I am curious if anyone has experimented with alternative and effective methods for teaching Ancient (Greek) Philosophy. I have found it a difficult subject to teach, but over the past few semesters, I have been experimenting with something that has worked surprisingly effectively.
On the first day of my Ancient Greek philosophy class, while most of my students are beginning to realize that the rumors surrounding the course work-load are true, and after I have begun developing some useful terminology, such as “logos” and “nous”, I am typically, but unsurprisingly, met with at least one student in class who simply does not believe that anything I am saying will ever make sense to her. Then, as I begin to develop something of a systematic explanation of Greek Philosophy in the next few days of class, I find that I quickly lose even my best students’ interest. Why does Ancient Greek philosophy feel so…well, ancient? “Because it is!” my students tell me.
My students often remind me that while I see the relevance of these ancient ideas, they barely see the relevance of philosophy itself. So, when I come to class overly eager to tackle Plato’s solution to the Parmenidean/Heraclitean problem of the one and the many, my students quite rightfully want to tackle each other on the way out of the door.
In order to combat this diluvial dysphoria, I have experimented with a method that not only keeps the students engaged, but also prepares them to think and work in philosophy (and its fun for me too). It is something rather intuitively dissonant: I simply take the "ancient" arguments and put them into modern symbolic notation. Since very few of my students have ever studied anything resembling philosophy before, they move from paralysis to curiosity while I translate Parmenides’ argument for the One, or one of Zeno's paradoxes, into modern symbolic notation.
What I have come to realize, at least for my students, is that they are fascinated by philosophy, particularly how philosophy can take something very seemingly simple (like free will or immortality or the existence of God) and make it entirely baffling, only to put it back together again. Ancient arguments are fun…for me, but my students simply do not immediately see the philosophy behind these antique articulations. When I draw up the arguments in symbolic notation, and walk my students through each argument to show how the arguments work, my students not only begin to reinvigorate their fascination with philosophy, but they also, strangely, begin to take ancient philosophy seriously. It is as if they had found something entirely new that few else have noticed.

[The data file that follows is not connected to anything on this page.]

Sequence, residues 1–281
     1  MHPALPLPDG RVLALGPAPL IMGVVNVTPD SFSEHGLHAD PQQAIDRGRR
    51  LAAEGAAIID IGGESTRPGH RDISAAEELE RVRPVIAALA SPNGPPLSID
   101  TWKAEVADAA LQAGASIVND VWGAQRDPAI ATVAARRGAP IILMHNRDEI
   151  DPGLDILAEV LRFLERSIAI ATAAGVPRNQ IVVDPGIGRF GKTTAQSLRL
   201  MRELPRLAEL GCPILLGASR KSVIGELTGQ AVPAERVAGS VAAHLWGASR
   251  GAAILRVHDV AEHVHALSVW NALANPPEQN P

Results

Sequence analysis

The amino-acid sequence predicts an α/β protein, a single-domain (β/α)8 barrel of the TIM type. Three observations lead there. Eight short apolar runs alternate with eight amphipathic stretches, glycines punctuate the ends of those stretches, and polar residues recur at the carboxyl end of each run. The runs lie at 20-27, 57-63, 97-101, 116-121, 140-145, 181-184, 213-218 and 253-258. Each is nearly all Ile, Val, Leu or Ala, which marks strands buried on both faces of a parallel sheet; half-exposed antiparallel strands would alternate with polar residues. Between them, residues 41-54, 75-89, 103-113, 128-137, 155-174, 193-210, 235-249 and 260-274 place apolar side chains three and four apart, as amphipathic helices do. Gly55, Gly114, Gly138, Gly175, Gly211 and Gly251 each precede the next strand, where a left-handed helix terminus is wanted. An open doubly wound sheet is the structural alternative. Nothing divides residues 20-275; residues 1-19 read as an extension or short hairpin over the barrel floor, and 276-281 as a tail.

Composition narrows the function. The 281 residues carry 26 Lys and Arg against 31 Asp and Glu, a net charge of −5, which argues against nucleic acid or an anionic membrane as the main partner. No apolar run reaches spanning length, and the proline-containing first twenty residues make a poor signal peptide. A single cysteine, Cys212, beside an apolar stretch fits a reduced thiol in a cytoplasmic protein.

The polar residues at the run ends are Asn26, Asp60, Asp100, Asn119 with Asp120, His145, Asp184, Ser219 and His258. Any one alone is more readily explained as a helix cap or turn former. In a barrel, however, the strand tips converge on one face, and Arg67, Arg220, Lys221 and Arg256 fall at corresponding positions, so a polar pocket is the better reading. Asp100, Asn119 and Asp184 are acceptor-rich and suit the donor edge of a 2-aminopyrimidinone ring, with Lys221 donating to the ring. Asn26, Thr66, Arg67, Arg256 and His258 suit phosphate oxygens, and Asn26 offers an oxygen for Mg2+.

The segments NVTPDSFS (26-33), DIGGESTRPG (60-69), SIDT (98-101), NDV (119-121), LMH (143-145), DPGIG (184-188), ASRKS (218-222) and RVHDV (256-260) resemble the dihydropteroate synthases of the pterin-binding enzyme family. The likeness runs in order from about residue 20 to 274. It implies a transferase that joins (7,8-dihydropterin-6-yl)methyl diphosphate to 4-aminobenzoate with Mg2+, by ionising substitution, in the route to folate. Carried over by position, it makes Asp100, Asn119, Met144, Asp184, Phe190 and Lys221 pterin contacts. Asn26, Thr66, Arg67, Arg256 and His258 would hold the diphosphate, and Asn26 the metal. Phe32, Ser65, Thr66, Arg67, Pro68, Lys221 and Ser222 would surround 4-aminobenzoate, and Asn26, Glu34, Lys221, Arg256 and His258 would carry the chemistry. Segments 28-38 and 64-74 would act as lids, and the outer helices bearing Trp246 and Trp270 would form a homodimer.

I find teaching ancient philosophy to be difficult, and my students may think I am nuts for studying it; so I try to win them over by proving them right. After all, they already think I am crazy for being a philosopher. Prove them right and win them over! This idea was confirmed for me after reading Mark Edmudson’s insights in his NYT article on "good teachers", which Michael Cholbi formerly posted on. Here is an excerpt.
“Why are good teachers strange, uncool, offbeat?Because really good teaching is about not seeing the world the way that everyone else does. Teaching is about being what people are now prone to call “counterintuitive” but to the teacher means simply being honest. Good teachers perceive the world in alternative terms, and they push their students to test out these new, potentially enriching perspectives. Sometimes they do so in ways that are, to say the least, peculiar. The philosophy professor steps in the window the first day of class and asks her students to write down the definition of the word ‘door.’”
I would be very grateful to read your thoughts on such teaching methods and/or alternative ways of teaching Ancient Philosophy.